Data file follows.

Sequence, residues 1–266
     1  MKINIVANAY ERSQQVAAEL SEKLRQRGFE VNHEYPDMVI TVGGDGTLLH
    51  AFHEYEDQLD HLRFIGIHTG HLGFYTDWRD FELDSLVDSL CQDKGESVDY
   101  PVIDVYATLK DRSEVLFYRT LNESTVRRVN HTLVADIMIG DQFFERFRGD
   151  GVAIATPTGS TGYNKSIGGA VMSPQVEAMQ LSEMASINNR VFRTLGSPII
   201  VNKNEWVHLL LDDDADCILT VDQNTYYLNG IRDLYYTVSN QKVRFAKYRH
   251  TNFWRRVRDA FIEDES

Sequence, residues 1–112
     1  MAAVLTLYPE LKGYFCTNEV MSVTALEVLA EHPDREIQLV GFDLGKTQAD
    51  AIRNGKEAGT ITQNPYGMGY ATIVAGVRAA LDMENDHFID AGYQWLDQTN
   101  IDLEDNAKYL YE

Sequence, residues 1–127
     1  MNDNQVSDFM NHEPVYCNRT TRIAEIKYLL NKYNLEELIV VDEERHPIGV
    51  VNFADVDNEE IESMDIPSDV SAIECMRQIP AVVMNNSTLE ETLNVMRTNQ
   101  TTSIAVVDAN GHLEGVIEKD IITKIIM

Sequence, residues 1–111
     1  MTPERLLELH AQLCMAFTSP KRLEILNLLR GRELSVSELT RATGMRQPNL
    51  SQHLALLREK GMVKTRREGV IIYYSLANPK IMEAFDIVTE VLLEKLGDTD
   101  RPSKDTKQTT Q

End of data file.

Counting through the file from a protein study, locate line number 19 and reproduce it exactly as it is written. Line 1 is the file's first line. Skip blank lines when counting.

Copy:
   101  RPSKDTKQTT Q